I was about two blocks from The Reptile Palace when my pocket buzzed. I saw it was Jason, who had dropped me off earlier. I answered the call with a numb finger to hear, “You’re going the wrong way. Go back to the bar.”
“I’m going home,” I told him.
“Why are you going home? It’s 10:30.”
I didn’t have an answer. I realized my reasons for leaving would sound pathetic if I bothered to articulate them. “I don’t know.”
“Get in my car. Do you see me?” He said. Then to the passengers in his car: “…she’s drunk.”
Feeling foolish but realizing he was right, I climbed into his car, welcomed the warmth, thanked him for stopping, and told myself I wasn’t going to drink anymore that night.
As soon as I got back to the bar, I had a few glasses of water and started having a much better time. I greeted the man whose presence made me flee, apologized awkwardly, thanked Jason about 30 times for picking me up, and got disproportionately excited when my roommate showed up. I rang in the new year by toasting water, kissing the drummer, and hugging my best friend.
I woke up the next day and realized a few things: 1. I’m really glad Jason saw me and picked me up, because there’s a chance I would have stopped for a brief slumber that could have ended with me freezing to death. Yeah, that’s a thing you have to actually be concerned about when you live in Wisconsin: FREEZING TO DEATH. 2. Alcohol makes you do stupid things like try to walk home at 10:30 on New Year’s Eve. I’m happy to say that is the only time I’ve done something that idiotic while intoxicated. Just so my parents don’t freak out and start lecturing me on being responsible: 99% of the time I’m in bars, I operate on the buddy system, ensuring neither of us wanders off to take an outdoor nap when it’s -20. I promise you didn’t raise a complete moron. 3. Having paid vacation doesn’t make you a responsible adult, so I should really stop feeling superior just because I was being paid while I recovered from my hangover on Wednesday.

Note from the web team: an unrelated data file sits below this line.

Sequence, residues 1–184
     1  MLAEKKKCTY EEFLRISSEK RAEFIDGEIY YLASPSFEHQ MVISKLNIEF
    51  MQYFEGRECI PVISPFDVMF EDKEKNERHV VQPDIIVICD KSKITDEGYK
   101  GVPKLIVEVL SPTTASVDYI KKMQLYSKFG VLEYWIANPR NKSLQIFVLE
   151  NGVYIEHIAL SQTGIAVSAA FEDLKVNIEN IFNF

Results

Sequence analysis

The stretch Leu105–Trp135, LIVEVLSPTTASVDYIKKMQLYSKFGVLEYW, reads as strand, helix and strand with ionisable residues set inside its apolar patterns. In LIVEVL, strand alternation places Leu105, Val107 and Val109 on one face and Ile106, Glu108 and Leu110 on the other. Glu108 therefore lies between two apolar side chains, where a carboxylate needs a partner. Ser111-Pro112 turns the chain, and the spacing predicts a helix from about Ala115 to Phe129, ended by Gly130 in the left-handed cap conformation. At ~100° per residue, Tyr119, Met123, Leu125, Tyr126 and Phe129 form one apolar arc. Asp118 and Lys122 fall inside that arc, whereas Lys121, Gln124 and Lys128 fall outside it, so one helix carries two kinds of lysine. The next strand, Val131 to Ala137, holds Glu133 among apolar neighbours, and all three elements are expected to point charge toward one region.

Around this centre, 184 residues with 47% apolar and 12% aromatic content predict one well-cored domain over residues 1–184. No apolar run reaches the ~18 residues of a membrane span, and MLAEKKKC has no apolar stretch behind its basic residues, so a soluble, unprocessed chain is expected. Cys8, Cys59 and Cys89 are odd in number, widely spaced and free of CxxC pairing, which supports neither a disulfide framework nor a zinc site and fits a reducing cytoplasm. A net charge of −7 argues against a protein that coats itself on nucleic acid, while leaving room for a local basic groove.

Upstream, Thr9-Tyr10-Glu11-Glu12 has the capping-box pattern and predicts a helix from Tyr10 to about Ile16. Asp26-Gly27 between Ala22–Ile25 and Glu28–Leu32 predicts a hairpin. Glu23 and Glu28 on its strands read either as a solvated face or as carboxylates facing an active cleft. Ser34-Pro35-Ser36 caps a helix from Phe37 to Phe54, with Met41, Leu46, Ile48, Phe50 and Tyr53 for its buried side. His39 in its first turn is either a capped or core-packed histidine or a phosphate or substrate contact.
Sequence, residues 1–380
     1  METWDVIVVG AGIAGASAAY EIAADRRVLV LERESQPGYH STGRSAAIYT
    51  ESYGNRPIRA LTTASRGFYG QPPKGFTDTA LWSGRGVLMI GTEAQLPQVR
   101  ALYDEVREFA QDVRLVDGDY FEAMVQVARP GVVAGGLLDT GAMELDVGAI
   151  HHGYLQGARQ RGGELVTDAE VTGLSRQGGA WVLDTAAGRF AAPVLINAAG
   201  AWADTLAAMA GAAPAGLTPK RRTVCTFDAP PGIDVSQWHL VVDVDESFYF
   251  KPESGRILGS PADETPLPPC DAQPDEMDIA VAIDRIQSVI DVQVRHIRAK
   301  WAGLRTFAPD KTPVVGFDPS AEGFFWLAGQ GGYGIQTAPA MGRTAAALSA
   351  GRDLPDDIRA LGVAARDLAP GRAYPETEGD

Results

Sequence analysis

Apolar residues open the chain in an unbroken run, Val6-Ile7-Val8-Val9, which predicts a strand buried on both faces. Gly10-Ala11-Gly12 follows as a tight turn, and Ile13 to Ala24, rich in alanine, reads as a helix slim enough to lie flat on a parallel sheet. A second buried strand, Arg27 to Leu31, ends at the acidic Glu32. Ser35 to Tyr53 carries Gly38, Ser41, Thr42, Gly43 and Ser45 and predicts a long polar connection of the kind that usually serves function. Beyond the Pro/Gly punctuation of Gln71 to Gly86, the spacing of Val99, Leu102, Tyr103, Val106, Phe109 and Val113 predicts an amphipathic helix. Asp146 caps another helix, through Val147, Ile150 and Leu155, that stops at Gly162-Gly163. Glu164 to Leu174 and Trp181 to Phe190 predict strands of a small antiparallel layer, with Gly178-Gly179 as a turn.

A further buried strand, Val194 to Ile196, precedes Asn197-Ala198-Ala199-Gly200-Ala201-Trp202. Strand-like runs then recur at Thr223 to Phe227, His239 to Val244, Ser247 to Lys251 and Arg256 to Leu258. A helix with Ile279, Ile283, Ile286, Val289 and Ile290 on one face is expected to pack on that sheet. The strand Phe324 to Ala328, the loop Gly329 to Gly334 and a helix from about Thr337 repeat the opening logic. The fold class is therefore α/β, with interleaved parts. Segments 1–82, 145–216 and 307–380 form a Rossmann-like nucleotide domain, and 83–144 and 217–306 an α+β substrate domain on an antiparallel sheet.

So what’s going to change for me in 2014? Probably not a whole lot. I’ll continue to document my complete lack of perfection. I might start flossing. Cheers!
2 thoughts on “My NYE 2014 or The Importance of the Buddy System”
This was refreshingly real! We can’t plan what will happen in the coming year, but that is part of the fun. You never know what surprises are in store.
Good New Year’s post!